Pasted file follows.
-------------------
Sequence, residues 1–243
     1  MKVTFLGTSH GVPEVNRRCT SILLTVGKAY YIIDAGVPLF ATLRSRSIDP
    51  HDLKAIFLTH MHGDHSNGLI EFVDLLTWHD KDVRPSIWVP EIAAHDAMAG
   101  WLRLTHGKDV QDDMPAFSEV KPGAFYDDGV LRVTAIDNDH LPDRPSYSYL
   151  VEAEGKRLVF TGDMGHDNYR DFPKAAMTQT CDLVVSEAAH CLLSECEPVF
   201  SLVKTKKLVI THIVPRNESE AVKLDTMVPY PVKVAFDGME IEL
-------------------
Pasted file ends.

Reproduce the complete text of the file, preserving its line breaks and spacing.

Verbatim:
Sequence, residues 1–243
     1  MKVTFLGTSH GVPEVNRRCT SILLTVGKAY YIIDAGVPLF ATLRSRSIDP
    51  HDLKAIFLTH MHGDHSNGLI EFVDLLTWHD KDVRPSIWVP EIAAHDAMAG
   101  WLRLTHGKDV QDDMPAFSEV KPGAFYDDGV LRVTAIDNDH LPDRPSYSYL
   151  VEAEGKRLVF TGDMGHDNYR DFPKAAMTQT CDLVVSEAAH CLLSECEPVF
   201  SLVKTKKLVI THIVPRNESE AVKLDTMVPY PVKVAFDGME IEL